MANU/CE/0328/2022

IN THE CUSTOMS, EXCISE AND SERVICE TAX APPELLATE TRIBUNAL
PRINCIPAL BENCH, NEW DELHI

Excise Appeal No. 51258 of 2022 (SM)

Decided On: 13.09.2022

Appellants: Satya Power & Ispat Ltd.
Vs.
Respondent: Commissioner of Central Excise & Service Tax, Raipur

Hon'ble Judges/Coram:
Ajay Sharma

DECISION

Ajay Sharma, Member (J)

1. This appeal has been filed challenging the Order-in-Appeal No. RPR-EXCUS-000-APPL-091-20-21 dated 22.3.2021 passed by the Commissioner (Appeals), Central GST & Central Excise, Raipur by which the learned Commissioner dismissed the appeal filed by the appellant by holding that the order passed by the Adjudicating Authority for denial of credit and imposition of penalty does not warrant any interference.

2. The facts leading to the filing of the instant appeal are stated in brief as follows. The appellant is the manufacturer of sponge iron and for this purpose they require raw material like iron ore, coal and dolomite. Screening of coal and iron ore is an integral and indispensable process in the manufacturing of sponge iron and in that process unavoidable by-product like Iron ore fines, Iron ore concentrates and coal fines are generated which have to be removed else it would stick on the inner wall of the Kiln and reduce the space inside the kiln called accretion, which in turn effect the production adversely. These by-product fetches very low prices in the market. According to department on this Iron ore fines/iron concentrates although the appellant have availed input Cenvat credit at the time of receipt in the factory but at the time of removal proportionate Cenvat credit amounting Rs. 6,39,681/- has not been reversed under provisions of Rule 3(5) of Cenvat Credit Rules, 2004 and also that the appellant had received short quantity of coal by 266.420 MT in their factory premises as compared to the quantity shown in the bill and wrongly availed cenvat credit of Rs. 25,416/- on that short quantity also which they neither received nor used for manufacture of the finished goods. Accordingly a show cause notice dated 11.8.2016 was issued to the appellant to show as to why:-

i The CENVAT Credit amounting to Rs. 6,74,865/- (Rs. 6,39,681/- + Rs. 25,416/-+ 9,768/-) (Rupees six Lakhs Seventy Four Thousand Eight Hundred & Sixty Five Only) should not be recovered from them under Rule 14 of the Cenvat Credit Rules, 2004 read with Section of 11A(4) of the Central Excise Act, 1944 and as to why the amount of Rs. 6,74,865/- already reversed by them should not be appropriated and adjusted against the said demand;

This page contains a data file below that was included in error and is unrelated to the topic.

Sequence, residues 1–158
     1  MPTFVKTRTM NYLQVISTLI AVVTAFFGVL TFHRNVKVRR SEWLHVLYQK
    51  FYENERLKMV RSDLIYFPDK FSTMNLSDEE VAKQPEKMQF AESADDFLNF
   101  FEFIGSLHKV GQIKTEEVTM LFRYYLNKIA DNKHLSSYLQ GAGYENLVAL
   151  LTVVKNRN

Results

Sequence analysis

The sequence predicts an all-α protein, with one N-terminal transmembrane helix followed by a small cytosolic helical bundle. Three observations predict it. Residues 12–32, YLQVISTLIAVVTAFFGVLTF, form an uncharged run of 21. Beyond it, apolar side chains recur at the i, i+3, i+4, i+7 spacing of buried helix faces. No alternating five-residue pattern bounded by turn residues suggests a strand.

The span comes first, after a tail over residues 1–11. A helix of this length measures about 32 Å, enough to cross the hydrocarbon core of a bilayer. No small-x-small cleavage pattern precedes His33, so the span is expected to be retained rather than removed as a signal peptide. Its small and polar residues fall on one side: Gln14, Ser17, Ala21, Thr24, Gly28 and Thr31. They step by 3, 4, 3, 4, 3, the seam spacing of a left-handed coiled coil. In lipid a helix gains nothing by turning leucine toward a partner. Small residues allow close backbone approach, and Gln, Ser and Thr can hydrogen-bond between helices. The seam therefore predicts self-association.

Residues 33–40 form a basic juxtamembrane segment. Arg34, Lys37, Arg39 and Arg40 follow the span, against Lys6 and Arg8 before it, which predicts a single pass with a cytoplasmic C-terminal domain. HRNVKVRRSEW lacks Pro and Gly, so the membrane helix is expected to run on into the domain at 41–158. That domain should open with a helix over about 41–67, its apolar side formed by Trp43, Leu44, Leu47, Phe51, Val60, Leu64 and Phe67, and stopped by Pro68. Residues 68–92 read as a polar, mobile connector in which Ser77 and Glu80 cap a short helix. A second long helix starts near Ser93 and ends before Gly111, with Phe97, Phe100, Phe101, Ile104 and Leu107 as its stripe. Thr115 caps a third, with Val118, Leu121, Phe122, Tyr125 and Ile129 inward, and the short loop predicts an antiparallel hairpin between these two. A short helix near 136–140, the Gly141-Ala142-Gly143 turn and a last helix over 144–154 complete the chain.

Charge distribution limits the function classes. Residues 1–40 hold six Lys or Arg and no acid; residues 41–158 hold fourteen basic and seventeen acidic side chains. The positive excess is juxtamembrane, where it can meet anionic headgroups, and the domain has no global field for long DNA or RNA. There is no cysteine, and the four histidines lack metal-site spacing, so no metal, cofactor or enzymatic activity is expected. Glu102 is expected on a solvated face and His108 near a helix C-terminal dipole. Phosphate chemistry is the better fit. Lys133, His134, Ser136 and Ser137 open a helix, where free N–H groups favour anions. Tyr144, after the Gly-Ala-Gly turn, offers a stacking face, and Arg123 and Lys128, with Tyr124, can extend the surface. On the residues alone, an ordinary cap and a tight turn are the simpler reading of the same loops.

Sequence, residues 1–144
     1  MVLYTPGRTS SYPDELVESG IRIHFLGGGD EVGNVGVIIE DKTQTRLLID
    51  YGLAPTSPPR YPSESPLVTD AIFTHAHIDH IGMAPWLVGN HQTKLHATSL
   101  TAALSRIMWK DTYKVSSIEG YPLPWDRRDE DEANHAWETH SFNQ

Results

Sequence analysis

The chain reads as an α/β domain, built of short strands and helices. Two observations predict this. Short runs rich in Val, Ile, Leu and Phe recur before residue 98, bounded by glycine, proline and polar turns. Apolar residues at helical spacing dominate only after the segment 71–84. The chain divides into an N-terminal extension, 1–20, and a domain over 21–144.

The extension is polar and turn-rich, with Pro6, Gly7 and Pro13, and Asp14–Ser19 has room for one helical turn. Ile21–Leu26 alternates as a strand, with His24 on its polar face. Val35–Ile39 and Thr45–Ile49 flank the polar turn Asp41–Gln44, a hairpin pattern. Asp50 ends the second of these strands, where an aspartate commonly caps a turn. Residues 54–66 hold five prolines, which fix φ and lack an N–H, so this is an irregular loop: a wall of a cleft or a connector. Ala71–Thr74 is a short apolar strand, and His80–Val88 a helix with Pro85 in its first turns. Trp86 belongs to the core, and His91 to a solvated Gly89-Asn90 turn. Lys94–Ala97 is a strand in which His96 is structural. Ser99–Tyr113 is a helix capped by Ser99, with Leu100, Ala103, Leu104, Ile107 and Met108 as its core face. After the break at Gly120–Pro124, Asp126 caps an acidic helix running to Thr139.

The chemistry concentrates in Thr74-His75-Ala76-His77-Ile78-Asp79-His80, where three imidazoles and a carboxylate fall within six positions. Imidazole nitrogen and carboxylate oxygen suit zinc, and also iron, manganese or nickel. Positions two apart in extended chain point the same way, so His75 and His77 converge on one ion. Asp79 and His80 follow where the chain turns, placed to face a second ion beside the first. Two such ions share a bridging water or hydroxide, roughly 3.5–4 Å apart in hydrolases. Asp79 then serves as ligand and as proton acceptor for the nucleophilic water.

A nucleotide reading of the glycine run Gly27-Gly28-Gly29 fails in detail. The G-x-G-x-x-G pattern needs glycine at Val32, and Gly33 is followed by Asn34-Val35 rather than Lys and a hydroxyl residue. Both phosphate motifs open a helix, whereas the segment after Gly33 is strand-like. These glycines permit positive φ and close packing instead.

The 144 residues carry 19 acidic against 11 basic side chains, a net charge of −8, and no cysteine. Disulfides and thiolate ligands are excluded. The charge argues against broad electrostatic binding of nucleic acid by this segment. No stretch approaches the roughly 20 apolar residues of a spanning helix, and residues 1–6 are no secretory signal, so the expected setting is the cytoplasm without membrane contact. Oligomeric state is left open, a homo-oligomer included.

ii) Interest at the appropriate rates should not be recovered from them under Rule 14 of the CENVAT Credit Rules, 2004 ready with Section 11AA of the Central Excise Act, 1944 and the interest amounting to Rs. 16,619/- already paid by them should not be appropriated;

iii) Penalty should not be imposed upon them under Rule 15(2) of the CENVAT Credit Rule, 2004 read with Section 11AC of the Central Excise Act, 1944.

3. The said show cause notice was adjudicated by the Adjudicating Authority vide Order-in-Original dated 20.7.2020 by which the said authority confirmed the recovery of credit availed by the appellants alongwith interest and penalty. Aggrieved, the appellant filed appeal before the Commissioner (Appeals) but the same was rejected by way of impugned order.

4. Now the issue is whether the appellant is liable to pay central excise duty on removal of iron ore fines/iron ore concentrates? Learned counsel for the Appellant submits that in the de-novo proceedings, the lower authority without appreciating the submissions made in appellant's reply, confirmed the recovery alongwith interest and penalty which was upheld by the learned commissioner that too without appreciating the contentions raised by the appellant. He further submits the issued involved herein in squarely covered by the decision of this Tribunal in the matter of CCE, Raipur vs. Nutun Ispat & Power Ltd.; MANU/CE/0625/2016 : 2016(341) ELT 360 (Tri-Del) and also by the decision of co-ordinate Bench of the Tribunal in the matter of CCE&ST, Jamshedpur vs. Kohinoor Steel Pvt. Ltd.; Final order No. FO/A/76175 of 2018 dated 5.4.2018. According to learned counsel the department is demanding duty on iron ore fines generated during the process of screening of coal by invoking Rule 3(5) ibid whereas the appellants have not purchased iron ore fines and no Cenvat credit has been taken by them on iron ore fines. So far as 266.420 MT less receipt of coal is concerned, learned counsel submits that few percentage of short receipt is normal as per industry practice. Learned counsel also raised the issue of invocation of extended period and submits that since all the transactions have been recorded in the statutory records/returns therefore extended period cannot be invoked. Per contra learned Authorised Representative appearing on behalf Revenue supported the findings recorded in the impugned order and prayed for dismissal of Appeal.